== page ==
Wednesday, March 23, 2011

What's Wrong With Google Telling Me Everything?

The topic of Critical Thinking and Google Searches seems to poke it's head out via various discussions and conversations every now and then. Even on #edchat last night the topic centered around moving kids away from thinking Google has all the answers to thinking critically.

First let me clarify. I use the term Google Searches loosely. That has come to mean all searches but there are obviously other search engines out there (Like Bing and Yahoo) that are still relevant and used in schools. But by far, Google is the most popular search engine around.

So my question is, what's wrong with the fact that Google is able to tell me everything I need to know?

I am having trouble remembering what I did before search online. I imagine it involved a trip to my local library (which I still enjoy doing) and spending hours and hours of research to find the simplest of facts or answers. I still remember using a card catalog, pulling out the long drawer of dusty and musty 3x5 cards, in an attempt to find the population of New Zealand in 1975.

So what would have taken 5 minutes of searching, now takes seconds. Granted, it doesn't seem like all that much but still, when doing massive amounts of research, spending time in search engine land is a life saver, travel saver, money saver, etc. I use search everyday for all sorts of things. And Google searches especially because of the shortcuts that are available.

So I ask whats wrong with Google (or any other search engine) telling me the answers I seek?

The argument seems to be, in the classroom, that if a question is asked that Google can answer, then there is something wrong with the question. I'm not so sure about that. Yes, I want students to be at the top of Blooms Taxonomy and be evaluators and creators. But having some factual knowledge is important too.

I don't think there is anything wrong with asking questions search engines can answer. After all that is what they are there for. What is wrong is when the question is the end of the lesson. And often times it is. Lessons will end with the facts when really that is just a beginning. If we are asking questions of kids that search engines can answer and not asking them to think about the quality of the information or where that information comes from then why bother?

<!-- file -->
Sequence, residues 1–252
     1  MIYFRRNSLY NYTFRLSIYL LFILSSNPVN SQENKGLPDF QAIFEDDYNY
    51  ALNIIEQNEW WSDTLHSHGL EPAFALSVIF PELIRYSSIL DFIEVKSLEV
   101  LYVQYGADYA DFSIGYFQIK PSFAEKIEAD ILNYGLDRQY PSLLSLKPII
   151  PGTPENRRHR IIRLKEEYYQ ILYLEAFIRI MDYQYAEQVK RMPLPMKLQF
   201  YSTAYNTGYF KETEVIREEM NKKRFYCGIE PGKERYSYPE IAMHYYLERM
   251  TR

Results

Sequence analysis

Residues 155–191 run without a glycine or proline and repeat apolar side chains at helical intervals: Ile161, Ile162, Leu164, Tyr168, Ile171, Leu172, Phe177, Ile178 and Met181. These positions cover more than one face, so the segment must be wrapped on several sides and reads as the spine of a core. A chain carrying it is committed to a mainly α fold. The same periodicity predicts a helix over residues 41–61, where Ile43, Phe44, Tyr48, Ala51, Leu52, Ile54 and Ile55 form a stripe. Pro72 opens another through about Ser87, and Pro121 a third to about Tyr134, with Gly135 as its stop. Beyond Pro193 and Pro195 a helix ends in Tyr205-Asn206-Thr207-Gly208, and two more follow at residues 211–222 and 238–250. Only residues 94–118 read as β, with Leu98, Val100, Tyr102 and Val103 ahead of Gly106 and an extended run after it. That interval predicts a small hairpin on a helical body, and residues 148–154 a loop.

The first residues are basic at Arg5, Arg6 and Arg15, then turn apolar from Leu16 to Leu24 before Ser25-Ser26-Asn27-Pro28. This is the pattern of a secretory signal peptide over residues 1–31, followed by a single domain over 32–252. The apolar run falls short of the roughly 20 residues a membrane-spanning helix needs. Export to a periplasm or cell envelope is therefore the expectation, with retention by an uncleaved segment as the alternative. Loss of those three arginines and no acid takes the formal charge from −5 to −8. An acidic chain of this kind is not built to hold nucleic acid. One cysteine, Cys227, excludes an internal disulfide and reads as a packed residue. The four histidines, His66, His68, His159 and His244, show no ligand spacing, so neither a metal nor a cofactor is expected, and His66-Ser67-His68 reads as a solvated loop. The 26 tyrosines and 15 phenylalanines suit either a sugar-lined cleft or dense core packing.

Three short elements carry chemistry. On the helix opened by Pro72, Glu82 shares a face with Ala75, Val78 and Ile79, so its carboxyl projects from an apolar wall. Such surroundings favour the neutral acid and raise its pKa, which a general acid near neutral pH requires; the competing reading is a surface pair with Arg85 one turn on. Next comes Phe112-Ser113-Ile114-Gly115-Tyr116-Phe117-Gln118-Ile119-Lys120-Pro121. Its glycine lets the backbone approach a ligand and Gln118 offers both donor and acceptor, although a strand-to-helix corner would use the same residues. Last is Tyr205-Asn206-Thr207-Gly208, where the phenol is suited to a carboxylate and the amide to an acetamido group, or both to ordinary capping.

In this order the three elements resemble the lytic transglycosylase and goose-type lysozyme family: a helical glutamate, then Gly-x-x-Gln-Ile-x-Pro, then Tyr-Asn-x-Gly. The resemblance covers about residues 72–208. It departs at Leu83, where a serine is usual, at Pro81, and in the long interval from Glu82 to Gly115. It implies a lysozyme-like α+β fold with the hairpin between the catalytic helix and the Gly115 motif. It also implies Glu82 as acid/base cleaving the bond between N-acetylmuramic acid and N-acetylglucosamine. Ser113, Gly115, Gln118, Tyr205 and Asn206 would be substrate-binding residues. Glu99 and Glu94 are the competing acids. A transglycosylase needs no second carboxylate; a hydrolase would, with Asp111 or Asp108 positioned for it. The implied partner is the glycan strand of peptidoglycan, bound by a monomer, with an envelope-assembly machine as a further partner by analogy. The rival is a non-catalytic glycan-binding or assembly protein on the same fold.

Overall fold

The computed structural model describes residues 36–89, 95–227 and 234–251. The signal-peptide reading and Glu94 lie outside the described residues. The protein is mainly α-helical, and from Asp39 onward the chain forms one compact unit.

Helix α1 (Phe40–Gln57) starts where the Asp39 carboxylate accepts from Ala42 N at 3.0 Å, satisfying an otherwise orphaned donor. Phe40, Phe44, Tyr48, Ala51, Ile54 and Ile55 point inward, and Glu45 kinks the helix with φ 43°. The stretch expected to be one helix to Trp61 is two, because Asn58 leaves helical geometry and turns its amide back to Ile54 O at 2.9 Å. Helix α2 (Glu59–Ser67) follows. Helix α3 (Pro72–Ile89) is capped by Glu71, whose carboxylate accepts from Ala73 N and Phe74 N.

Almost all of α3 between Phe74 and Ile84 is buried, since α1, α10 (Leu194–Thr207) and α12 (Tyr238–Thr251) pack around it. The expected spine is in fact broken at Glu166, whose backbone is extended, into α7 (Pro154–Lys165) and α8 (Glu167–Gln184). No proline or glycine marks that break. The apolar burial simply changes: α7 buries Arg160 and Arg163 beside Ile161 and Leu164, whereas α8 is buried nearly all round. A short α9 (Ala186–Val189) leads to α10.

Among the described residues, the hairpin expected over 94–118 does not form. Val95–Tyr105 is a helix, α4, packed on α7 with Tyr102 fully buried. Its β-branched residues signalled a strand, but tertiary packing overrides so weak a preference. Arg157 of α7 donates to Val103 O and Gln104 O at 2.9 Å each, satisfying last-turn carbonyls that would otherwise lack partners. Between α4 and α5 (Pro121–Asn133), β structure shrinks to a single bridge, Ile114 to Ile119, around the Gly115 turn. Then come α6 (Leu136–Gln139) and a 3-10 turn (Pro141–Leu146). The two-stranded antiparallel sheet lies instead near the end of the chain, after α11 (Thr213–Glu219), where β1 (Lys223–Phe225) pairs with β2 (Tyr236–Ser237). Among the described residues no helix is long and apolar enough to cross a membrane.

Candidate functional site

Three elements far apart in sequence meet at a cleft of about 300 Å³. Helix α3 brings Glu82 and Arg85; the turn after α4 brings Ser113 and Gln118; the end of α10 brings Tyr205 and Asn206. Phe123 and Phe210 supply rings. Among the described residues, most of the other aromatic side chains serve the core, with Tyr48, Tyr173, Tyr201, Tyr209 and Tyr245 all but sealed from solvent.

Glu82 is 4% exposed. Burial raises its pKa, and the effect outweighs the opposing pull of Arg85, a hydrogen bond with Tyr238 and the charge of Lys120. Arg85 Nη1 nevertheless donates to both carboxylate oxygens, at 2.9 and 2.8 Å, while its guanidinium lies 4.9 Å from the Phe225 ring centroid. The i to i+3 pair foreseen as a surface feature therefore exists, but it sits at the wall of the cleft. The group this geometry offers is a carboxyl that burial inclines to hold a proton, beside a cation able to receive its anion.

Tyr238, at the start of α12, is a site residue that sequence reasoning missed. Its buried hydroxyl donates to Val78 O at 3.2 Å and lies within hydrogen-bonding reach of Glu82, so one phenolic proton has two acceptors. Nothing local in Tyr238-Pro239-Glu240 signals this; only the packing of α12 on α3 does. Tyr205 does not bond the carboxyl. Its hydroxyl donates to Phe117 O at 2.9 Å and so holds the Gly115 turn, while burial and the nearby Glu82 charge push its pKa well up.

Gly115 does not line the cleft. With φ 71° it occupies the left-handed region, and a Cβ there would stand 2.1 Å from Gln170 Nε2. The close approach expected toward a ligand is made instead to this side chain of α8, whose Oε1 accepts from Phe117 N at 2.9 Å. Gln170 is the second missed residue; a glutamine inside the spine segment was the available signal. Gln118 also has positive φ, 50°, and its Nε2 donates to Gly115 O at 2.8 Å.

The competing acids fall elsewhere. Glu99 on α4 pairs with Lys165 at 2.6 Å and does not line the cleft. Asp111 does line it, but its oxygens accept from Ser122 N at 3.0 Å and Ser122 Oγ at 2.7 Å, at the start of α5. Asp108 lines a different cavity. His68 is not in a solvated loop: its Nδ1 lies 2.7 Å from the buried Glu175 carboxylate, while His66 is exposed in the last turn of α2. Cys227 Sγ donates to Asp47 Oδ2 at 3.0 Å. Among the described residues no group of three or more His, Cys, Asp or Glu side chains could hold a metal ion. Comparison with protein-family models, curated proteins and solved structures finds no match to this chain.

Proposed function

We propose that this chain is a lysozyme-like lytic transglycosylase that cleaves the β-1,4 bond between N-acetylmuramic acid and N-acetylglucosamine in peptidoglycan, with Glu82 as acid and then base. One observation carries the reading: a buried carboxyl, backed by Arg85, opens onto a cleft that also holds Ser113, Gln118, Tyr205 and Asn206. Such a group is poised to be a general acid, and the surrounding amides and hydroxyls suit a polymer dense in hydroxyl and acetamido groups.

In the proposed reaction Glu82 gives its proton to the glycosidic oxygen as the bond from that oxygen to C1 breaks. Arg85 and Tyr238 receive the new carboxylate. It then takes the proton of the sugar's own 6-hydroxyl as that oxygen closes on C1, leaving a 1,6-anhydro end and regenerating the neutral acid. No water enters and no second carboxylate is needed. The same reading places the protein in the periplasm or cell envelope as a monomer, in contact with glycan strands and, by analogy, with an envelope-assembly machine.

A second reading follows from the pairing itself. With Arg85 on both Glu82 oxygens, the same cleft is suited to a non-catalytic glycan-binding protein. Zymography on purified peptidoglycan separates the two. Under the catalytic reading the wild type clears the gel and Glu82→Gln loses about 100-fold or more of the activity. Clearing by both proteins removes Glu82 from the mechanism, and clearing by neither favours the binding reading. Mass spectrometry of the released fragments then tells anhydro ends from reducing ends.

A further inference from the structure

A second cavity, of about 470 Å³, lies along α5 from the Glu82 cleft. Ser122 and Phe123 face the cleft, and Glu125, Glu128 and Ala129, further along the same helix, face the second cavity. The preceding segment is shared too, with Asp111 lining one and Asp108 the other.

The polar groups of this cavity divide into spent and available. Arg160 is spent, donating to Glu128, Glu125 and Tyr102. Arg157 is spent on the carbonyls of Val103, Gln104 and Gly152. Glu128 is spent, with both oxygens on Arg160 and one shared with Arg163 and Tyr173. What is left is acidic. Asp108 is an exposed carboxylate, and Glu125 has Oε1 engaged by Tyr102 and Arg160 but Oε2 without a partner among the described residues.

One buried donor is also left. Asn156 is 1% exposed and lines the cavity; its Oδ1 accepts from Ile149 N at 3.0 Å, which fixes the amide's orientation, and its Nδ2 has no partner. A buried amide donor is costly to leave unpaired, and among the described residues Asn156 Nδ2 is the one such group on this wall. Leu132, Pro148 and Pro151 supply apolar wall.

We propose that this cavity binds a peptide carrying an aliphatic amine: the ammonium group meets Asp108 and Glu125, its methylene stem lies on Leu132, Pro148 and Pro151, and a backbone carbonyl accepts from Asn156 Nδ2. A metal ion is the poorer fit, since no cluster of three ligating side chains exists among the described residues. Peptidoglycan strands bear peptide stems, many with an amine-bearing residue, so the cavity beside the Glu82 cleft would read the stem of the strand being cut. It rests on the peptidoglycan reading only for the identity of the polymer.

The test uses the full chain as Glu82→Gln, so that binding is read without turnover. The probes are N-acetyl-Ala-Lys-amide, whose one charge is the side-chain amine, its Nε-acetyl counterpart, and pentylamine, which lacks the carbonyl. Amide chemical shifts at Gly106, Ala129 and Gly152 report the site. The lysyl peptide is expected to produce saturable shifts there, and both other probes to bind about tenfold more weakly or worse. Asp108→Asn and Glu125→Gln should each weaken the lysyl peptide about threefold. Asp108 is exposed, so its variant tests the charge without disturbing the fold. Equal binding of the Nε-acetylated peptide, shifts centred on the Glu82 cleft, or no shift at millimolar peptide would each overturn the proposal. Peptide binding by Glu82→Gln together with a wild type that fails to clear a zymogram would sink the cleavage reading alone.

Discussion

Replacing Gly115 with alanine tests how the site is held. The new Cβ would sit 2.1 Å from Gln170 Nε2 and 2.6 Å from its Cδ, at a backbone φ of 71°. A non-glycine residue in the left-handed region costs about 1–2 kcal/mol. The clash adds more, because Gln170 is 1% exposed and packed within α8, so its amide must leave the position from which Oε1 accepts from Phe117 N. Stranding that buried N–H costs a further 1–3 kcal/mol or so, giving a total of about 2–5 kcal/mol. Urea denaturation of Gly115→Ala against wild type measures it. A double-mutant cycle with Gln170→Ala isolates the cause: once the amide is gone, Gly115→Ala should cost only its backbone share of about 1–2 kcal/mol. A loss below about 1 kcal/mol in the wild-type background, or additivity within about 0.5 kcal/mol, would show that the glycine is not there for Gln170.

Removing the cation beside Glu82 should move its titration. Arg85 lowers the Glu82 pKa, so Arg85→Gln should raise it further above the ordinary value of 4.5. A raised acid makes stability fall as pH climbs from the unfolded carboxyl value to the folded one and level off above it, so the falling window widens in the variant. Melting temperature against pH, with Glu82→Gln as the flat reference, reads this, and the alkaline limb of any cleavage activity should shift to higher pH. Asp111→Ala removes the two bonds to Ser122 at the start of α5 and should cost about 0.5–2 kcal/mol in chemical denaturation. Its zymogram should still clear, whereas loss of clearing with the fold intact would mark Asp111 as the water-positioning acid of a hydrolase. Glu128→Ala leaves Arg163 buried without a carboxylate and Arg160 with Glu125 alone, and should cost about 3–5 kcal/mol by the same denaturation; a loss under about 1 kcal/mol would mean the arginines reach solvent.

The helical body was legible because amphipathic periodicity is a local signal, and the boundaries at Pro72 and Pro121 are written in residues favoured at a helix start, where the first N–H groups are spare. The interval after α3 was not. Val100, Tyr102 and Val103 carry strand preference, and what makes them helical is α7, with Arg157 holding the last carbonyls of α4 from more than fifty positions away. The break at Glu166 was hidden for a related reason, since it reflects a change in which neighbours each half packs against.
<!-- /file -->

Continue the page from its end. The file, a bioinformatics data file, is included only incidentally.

Any Joe on the street can type some words into a search box and get results. But, we are headed down a road where we are graduating groups of students who don't think critically about the information they receive (and who think The Onion has real news.)

Sure we need to spend time teaching kids on how to do quality searches, using key terms and wildcards. But that is a lesson over a day or two. What needs to be woven into our curriculum is what Howard Rheingold calls Crap Detection. The premise is that even adults have a very difficult time filtering out the junk of what is online. So if adults are having a hard time how can we be teaching critical thinking to kids? It's ok for kids to get their information online and from search engines but if we are not having longer conversations about the evaluation of the resources we are using then we are just reinforcing what people already believe; that is we simply cramming facts into the brains of our students.

Need an example of fact checking? Check out this website about Explorers.The first time I saw it, I will admit, I was fooled. I thought it was a great site for information about Explorers. I sent it to a teacher without looking at the entire site and comparing the information found there to other sources. Only later did I find out that it was set up to teach kids (and people like me) about fact checking and critical thinking on the web.

So if we are asking questions that Google or any other search engine can answer, that's cool with me. But, if we aren't taking the next steps and having kids explain the choices of the sources of our information then we aren't moving up Blooms, which is what we should be doing. Check out a wiki Howard set up about Critical Thinking that is full of great information how to teach it, understand it and use it. And you can use this guide from Microsoft that aims to help kids improve their search skills and gives some lessons to use in the classroom.

What do you think? Is it wrong for Google to be able to tell us everything? How do you teach critical thinking about web resources in your classroom. Leave some ideas below.

Image from Ari on Flickr CC
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